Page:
Penguin photographer in New Zealand

This video (in English, after a short introduction in German) says about itself:

Tui De Roy – A Wild Spirit

9 Dec 2012

Internationally acclaimed New Zealand wildlife photographer talks about her life.

From the Otago Daily Times in New Zealand:

A dedicated follower of penguins

By Rebecca Fox on Wed, 25 Sep 2013

Tui De Roy has travelled to the ends of the Earth in search of the perfect wildlife photograph.

Whether photographing the rarely seen northern rockhopper penguin on a South Atlantic island or the emperor penguin in the Antarctic, the remoter the better, for Ms De Roy.

During the production of her latest book, Penguins Their World, Their Ways, co-authored with Mark Jones and Julie Cornthwaite, she made an exception, visiting Otago Peninsula to photograph the yellow-eyed penguin.

Ms De Roy (59) and her co-authors were in Dunedin this week to talk to the Dunedin Photographic Society.

The book was a sister to an earlier one on albatrosses and together marked the end of a 15-year project for the trio.

It was during the work for the latest book that she fell in love – with emperor penguins.

She travelled to the Antarctic with the Australian Antarctic programme and was able to spend three days photographing the penguins.

”It’s very much the end of the earth. I was very lucky.

”The space, the immensity, the soft light and they were such stately birds. It was very other-worldly.”

Her dream was to spend one year in [the] Antarctic photographing the penguins‘ life for another book.

Such an endeavour was not that outrageous for the woman who has been photographing wildlife in remote places for many decades – including the Galapagos Islands, where she used to live – and who has produced six books in the past eight years.

Another highlight was photographing the ”outrageous” looking northern rockhopper penguins, as their remote location meant they were not often seen by people.

In contrast, she also spent four weeks camping in the Falkland Islands among four different species of penguins.

Her work required much time and the ability to be able to immerse herself in the environment, she said.

With the book out, she planned to take some time out before planning her next project.

One of the most “disastrous breeding seasons” in recent years has hit endangered yellow-eyed penguin colonies along Otago’s coast: here.

Wandering albatross new research

This video is called Nature of Wandering Albatross birds – David AttenboroughBBC wildlife.

From the Agreement on the Conservation of Albatrosses and Petrels:

Looking good? Female Wandering Albatrosses seem to age better than males

Deborah Pardo (British Antarctic Survey) and colleagues have published in the journal Oecologia on senescence in Wandering Albatrosses Diomedea exulans.

The paper’s abstract follows:

“Sex differences in lifespan and aging are widespread among animals. Since investment in current reproduction can have consequences on other life-history traits, the sex with the highest cost of breeding is expected to suffer from an earlier and/or stronger senescence. This has been demonstrated in polygynous species that are highly dimorphic. However in monogamous species where parental investment is similar between sexes, sex-specific differences in aging patterns of life-history traits are expected to be attenuated. Here, we examined sex and age influences on demographic traits in a very long-lived and sexually dimorphic monogamous species, the wandering albatross (Diomedea exulans).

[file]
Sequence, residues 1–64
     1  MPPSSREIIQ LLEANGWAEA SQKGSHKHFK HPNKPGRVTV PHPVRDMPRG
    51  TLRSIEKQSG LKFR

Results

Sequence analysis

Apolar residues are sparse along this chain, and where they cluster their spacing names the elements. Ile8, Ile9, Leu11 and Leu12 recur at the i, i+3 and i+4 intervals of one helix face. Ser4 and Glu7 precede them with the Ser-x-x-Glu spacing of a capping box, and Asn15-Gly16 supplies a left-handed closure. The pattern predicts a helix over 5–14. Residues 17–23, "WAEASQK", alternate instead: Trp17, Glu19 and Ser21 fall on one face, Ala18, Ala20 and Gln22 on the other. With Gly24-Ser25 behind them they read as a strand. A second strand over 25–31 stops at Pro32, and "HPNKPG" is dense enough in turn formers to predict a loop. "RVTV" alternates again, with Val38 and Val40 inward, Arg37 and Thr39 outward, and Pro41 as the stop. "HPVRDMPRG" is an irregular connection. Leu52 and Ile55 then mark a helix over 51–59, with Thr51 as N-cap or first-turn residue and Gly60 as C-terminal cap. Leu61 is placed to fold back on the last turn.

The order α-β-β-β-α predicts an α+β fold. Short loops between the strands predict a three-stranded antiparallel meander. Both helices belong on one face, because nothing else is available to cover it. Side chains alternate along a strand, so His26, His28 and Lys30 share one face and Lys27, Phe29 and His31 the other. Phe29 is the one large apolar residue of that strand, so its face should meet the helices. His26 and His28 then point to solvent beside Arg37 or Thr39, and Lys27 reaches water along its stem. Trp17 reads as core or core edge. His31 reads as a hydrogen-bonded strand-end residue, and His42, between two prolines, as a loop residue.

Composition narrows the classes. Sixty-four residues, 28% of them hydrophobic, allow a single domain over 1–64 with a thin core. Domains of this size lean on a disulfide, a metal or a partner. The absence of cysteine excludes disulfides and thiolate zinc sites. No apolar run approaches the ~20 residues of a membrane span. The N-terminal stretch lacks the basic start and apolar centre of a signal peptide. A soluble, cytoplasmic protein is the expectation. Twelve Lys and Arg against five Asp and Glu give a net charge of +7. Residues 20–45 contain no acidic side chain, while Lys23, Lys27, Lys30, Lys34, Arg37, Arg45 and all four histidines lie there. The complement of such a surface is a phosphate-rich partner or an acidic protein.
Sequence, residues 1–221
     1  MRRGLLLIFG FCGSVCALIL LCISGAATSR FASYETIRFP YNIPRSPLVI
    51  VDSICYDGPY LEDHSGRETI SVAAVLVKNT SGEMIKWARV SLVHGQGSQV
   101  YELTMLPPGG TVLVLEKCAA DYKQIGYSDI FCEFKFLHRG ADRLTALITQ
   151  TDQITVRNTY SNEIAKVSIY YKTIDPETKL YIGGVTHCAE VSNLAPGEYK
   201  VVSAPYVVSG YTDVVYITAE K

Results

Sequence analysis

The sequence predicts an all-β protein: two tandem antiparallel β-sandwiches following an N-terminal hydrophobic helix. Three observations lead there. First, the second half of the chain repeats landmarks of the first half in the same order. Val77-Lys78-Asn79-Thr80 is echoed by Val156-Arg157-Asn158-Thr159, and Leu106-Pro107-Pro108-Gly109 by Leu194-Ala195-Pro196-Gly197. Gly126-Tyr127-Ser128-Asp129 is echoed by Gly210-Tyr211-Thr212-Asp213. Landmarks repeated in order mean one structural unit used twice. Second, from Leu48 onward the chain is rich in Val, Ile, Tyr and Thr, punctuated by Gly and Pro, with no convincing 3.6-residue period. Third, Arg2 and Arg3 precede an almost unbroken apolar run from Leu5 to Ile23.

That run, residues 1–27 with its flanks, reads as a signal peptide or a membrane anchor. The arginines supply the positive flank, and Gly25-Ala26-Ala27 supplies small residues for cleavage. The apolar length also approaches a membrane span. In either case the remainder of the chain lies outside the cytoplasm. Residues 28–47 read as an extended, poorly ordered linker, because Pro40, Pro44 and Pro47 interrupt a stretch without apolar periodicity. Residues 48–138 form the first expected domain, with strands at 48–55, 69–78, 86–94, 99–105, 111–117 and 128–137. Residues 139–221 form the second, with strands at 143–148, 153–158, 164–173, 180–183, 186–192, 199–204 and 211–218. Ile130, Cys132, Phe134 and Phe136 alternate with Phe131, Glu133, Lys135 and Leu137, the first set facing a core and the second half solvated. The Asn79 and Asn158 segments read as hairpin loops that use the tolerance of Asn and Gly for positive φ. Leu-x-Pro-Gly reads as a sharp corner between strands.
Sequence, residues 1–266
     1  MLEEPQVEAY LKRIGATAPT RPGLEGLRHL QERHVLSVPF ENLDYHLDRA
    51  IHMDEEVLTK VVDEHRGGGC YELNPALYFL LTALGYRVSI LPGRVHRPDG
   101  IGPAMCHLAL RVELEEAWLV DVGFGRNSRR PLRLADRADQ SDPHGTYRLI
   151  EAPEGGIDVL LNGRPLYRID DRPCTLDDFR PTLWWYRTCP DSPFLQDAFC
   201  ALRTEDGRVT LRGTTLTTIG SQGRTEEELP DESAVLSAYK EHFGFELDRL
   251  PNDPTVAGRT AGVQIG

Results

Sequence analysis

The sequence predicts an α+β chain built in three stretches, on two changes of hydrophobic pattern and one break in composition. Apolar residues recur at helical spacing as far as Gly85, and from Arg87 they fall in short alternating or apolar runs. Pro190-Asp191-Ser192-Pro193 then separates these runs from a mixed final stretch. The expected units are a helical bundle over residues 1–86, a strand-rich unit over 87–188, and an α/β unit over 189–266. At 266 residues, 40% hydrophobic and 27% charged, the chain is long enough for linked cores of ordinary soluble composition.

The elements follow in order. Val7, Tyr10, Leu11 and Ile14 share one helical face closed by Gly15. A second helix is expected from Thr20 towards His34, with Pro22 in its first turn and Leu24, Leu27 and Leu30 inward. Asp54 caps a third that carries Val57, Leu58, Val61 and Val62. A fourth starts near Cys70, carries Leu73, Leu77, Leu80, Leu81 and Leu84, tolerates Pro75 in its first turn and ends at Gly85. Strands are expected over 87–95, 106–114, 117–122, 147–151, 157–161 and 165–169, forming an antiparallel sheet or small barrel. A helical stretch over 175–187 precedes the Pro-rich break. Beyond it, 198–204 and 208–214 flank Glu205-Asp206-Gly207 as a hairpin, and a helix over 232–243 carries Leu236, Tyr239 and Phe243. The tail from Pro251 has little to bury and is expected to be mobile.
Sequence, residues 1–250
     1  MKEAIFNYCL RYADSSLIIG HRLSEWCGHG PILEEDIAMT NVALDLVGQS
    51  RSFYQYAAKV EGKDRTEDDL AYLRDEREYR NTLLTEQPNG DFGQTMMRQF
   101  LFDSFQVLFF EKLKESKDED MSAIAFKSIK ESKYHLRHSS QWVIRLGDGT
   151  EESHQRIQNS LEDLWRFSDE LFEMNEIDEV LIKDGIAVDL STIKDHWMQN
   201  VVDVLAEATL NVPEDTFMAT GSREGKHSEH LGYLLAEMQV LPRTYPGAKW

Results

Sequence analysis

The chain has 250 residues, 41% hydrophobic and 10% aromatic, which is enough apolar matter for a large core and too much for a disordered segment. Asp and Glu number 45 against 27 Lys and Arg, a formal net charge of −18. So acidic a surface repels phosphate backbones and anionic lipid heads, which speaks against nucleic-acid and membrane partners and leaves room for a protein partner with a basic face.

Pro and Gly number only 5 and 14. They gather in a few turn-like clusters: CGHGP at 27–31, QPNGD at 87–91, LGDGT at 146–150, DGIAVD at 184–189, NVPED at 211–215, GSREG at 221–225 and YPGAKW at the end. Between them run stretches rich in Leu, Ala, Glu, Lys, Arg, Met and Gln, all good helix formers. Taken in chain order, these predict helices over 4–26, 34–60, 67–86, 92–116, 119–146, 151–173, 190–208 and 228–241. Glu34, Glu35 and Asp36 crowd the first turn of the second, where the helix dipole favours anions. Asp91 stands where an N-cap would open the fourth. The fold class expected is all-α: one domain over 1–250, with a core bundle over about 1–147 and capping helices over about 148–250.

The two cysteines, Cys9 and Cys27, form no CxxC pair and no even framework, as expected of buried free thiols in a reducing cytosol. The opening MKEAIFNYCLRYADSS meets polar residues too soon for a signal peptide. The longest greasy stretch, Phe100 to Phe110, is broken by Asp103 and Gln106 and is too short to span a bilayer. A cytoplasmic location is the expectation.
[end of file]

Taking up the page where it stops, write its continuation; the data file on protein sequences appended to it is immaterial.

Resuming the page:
We modelled within the same model framework sex-dependent variations in aging for an array of five life-history traits: adult survival, probability of returning to the breeding colony, probability of breeding and two measures of breeding success (hatching and fledging). We show that life-history traits presented contrasted aging patterns according to sex whereas traits were all similar at young ages. Both sexes exhibited actuarial and reproductive senescence, but, as the decrease in breeding success remained similar for males and females, the survival and breeding probabilities of males were significantly more affected than females.

We discuss our results in the light of the costs associated to reproduction, age-related pairing and a biased operational sex-ratio in the population leading to a pool of non-breeders of potentially lower quality and therefore more subject to death or breeding abstention. For a monogamous species with similar parental roles, the patterns observed were surprising and when placed in a gradient of observed age/sex-related variations in life history traits, wandering albatrosses were intermediate between highly dimorphic polygynous and most monogamous species.”

Black-browed albatrosses and aging: here.

Dutch Arctic tern’s Antarctic world record

This video about Arctic terns is called Migration Google Earth Tour Video.

Translated from Vroege Vogels TV in the Netherlands:

An Arctic Tern from Eemshaven has massively broken a world record: the bird, weighing hardly 100g, during a year has flown 90 thousand kilometers during a return journey to the Antarctic. This is an absolute world record in long distance migration. The record is described in an article in Ardea, the international scientific journal of the Dutch Ornithological Union.


The study was conducted by attaching tiny ‘dataloggers‘, geolocators, to seven birds. This device of just 2 grams stores information about light and dark in combination with time. These two data make it possible to to retrieve the birds’ position on earth with a precision of about 100 km. All birds returned in 2012 and could be caught. Five dataloggers were still working and revealed a startling flyway.


The terns were, on average, 273 ± 7 days on the road. They all flew to the same spot in the North Atlantic where the terns of Greenland stayed two weeks later. Like these terns the Dutch terns flew (albeit earlier) then to an area west of Namibia.

Dutch Arctic tern migration, credit BirdLife in the Netherlands

After that the birds of Dutch nesting colonies followed a different route. They flew first across the Indian Ocean to a previously unknown stopping place between 20-40° N and 65-100° E (near Amsterdam Island). From this stop they then went on to sea areas south of Australia. Some flew from here south to the Antarctic, but one bird flew to New Zealand and then deflected to Antarctica.

Record distance